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Young Mexican gray wolf dies during handling in Arizona

El Paso Times/Associated Press August 20, 2013 (posted 8/21/13)

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SILVER CITY - A yearling Mexican gray wolf died over the weekend in the Apache-Sitgreaves National Forest in Arizona during what Fish and Wildlife called "routine handling," according to a news release from them. Members of the Mexican wolf interagency field team from the Arizona Game and Fish Department were conducting an intentional capture effort using the approved protocol to fit radio-telemetry collars on members of the Bluestem Pack that remained uncollared, when f1289, a previously collared animal, was captured in a padded foot trap.

The trap sent a signal when it sprung and experienced team members were on site within 15 minutes. The animal moved the trap into rocky terrain on the edge of a slope, making it difficult for the team to process the wolf. Using a catch pole and Y-pole (like those used for capturing and restraining domestic dogs), the team removed f1289 from the trap and during processing found that she was no longer breathing. Emergency treatment including CPR was unsuccessful in reviving the wolf.

The team on site had years of wolf capture experience and had just completed a refresher capture training course the week prior, the release states. The death was the third capture-related mortality in the wild in the 15-year history of the Mexican wolf reintroduction project, according to Fish and Wildlife.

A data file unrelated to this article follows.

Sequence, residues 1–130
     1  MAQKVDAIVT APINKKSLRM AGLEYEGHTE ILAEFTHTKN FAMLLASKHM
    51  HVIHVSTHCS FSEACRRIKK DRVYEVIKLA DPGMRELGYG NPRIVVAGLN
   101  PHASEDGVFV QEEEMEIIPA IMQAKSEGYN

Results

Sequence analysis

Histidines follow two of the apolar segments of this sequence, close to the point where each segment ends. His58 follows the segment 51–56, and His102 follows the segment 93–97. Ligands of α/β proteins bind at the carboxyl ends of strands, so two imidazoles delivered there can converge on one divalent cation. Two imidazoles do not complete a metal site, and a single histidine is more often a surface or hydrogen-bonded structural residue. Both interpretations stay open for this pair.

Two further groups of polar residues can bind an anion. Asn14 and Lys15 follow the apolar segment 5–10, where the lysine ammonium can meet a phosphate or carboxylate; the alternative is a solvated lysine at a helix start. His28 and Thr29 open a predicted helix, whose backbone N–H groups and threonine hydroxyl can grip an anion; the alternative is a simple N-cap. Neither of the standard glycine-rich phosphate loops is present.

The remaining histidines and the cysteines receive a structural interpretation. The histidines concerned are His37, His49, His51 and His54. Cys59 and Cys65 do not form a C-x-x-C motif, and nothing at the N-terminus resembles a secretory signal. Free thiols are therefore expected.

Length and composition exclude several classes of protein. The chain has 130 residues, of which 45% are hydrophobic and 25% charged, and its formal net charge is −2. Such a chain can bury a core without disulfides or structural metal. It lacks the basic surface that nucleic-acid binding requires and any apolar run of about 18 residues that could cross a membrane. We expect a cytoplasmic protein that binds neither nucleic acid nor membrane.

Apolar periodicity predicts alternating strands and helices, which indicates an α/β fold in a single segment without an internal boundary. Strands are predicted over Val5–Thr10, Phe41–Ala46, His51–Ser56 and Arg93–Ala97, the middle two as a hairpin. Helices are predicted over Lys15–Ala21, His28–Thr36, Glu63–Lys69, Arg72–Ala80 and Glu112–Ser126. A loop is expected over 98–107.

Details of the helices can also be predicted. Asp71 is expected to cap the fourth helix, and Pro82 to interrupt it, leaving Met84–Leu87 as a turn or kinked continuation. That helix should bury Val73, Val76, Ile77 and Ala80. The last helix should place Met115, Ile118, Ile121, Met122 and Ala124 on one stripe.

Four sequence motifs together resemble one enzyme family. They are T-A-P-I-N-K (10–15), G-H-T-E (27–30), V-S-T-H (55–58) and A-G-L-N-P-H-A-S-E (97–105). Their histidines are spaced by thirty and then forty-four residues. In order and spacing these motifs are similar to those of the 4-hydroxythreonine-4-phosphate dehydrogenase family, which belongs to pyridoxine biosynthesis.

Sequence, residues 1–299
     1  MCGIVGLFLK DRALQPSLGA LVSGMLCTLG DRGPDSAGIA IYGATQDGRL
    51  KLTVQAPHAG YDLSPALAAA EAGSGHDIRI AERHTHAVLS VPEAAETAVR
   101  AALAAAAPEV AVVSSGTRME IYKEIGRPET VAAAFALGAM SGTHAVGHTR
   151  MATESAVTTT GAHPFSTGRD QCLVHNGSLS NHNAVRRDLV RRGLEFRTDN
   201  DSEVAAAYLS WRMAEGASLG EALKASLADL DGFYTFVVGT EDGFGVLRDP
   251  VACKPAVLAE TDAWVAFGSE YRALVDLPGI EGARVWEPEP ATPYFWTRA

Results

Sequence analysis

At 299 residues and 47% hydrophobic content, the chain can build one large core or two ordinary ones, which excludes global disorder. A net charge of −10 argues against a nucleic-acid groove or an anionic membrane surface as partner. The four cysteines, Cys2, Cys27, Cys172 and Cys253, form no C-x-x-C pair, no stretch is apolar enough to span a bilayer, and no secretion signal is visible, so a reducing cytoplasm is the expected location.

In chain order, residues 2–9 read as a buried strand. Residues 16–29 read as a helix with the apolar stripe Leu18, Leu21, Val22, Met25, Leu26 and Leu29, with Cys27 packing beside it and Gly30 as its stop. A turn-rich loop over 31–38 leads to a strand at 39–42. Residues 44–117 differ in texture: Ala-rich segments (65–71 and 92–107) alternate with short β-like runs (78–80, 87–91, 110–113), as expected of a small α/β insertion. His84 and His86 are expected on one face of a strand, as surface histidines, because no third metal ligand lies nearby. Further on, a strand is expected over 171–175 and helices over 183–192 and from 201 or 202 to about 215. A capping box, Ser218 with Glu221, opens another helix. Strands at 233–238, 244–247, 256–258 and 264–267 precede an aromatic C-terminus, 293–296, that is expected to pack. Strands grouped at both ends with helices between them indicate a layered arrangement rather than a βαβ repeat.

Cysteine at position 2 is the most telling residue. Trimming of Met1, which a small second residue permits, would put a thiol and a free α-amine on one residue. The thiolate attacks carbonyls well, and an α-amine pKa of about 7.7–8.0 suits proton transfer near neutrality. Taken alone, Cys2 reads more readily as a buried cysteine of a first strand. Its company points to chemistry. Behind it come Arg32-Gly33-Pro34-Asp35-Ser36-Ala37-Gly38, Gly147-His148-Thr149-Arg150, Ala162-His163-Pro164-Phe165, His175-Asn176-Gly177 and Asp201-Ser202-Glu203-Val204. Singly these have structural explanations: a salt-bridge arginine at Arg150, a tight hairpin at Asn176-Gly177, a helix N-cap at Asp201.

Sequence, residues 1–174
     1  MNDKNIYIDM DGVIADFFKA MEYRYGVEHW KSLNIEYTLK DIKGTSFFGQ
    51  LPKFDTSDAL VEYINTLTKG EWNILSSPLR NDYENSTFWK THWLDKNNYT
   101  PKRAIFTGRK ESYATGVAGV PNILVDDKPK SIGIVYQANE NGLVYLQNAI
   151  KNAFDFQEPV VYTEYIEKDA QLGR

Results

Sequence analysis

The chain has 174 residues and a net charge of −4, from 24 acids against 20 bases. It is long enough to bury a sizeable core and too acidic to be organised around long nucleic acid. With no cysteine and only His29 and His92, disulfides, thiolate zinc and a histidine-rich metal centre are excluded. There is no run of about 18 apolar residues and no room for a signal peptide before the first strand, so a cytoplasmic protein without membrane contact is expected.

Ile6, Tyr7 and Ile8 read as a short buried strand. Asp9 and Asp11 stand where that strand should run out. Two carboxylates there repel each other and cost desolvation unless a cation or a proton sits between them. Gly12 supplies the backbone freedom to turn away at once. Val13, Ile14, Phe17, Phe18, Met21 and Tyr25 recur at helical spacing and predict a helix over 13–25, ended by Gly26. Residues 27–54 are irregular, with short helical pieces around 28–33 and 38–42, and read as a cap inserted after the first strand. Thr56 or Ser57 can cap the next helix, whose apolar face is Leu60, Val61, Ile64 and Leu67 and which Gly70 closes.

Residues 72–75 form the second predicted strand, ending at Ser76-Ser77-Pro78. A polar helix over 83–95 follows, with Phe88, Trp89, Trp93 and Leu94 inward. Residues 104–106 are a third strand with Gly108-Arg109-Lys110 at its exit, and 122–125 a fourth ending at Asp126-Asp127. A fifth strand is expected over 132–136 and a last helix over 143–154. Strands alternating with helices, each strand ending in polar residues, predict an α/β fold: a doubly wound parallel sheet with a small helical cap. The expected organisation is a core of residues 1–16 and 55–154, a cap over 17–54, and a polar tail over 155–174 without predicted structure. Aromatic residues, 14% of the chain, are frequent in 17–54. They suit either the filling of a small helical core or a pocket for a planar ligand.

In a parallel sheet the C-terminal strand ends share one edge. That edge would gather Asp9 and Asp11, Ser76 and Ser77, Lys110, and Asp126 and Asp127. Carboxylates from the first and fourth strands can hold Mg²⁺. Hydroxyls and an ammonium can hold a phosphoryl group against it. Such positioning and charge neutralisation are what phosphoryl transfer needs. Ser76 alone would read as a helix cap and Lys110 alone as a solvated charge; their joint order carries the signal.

"The loss of this wolf is a very unfortunate and unusual outcome to a routine management activity that is necessary to the recovery of the Mexican wolf," said Chairman John Harris of the Arizona Game and Fish Commission. "Radio collars are the best method for tracking wolves and knowing where the wolves are is critical for effective management."

The Service will be conducting a necropsy at a veterinary diagnostic lab in Albuquerque, to determine the cause of death.

The Mexican gray wolf was added to the federal endangered species list in 1976 after it was nearly wiped out by government trapping and poisoning designed to help cattle ranchers.

The Associated Press contributed to this report.

This article appeared in several newspapers, including the El Paso Times, the Arizona Republic, the Alamogordo Daily News, and The Republic.
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Please act today to ensure the future of critically endangered Mexican wolves .

This tragic death highlights the dangers of trapping* Mexican wolves and is one of many reasons that the US Fish and Wildlife Service’s proposal to trap and move any wolf that wanders north or south of the arbitrary I-10 to I-40 boundary threatens the wolves’ recovery. This means more trapping, and more trapping means more chances for unfortunate deaths like this.  Mexican wolves are on the edge of extinction and can’t stand more risks.  The USFWS needs to abandon its proposal to capture and return wolves that disperse north and south and needs to release many more wolves from captivity. Every one of these wolves is essential.

Please submit comments on the proposal today, using the information provided here.

*US Fish and Wildlife Service’s claim that only three Mexican wolf deaths related to capture have occurred is inconsistent with the record, which shows nineteen wolves have been lost to capture related mortality since the reintroduction began. Many of these wolves did not die immediately in the wild, as Little Wild (F1289) did, but died in captivity as a result of the capture.

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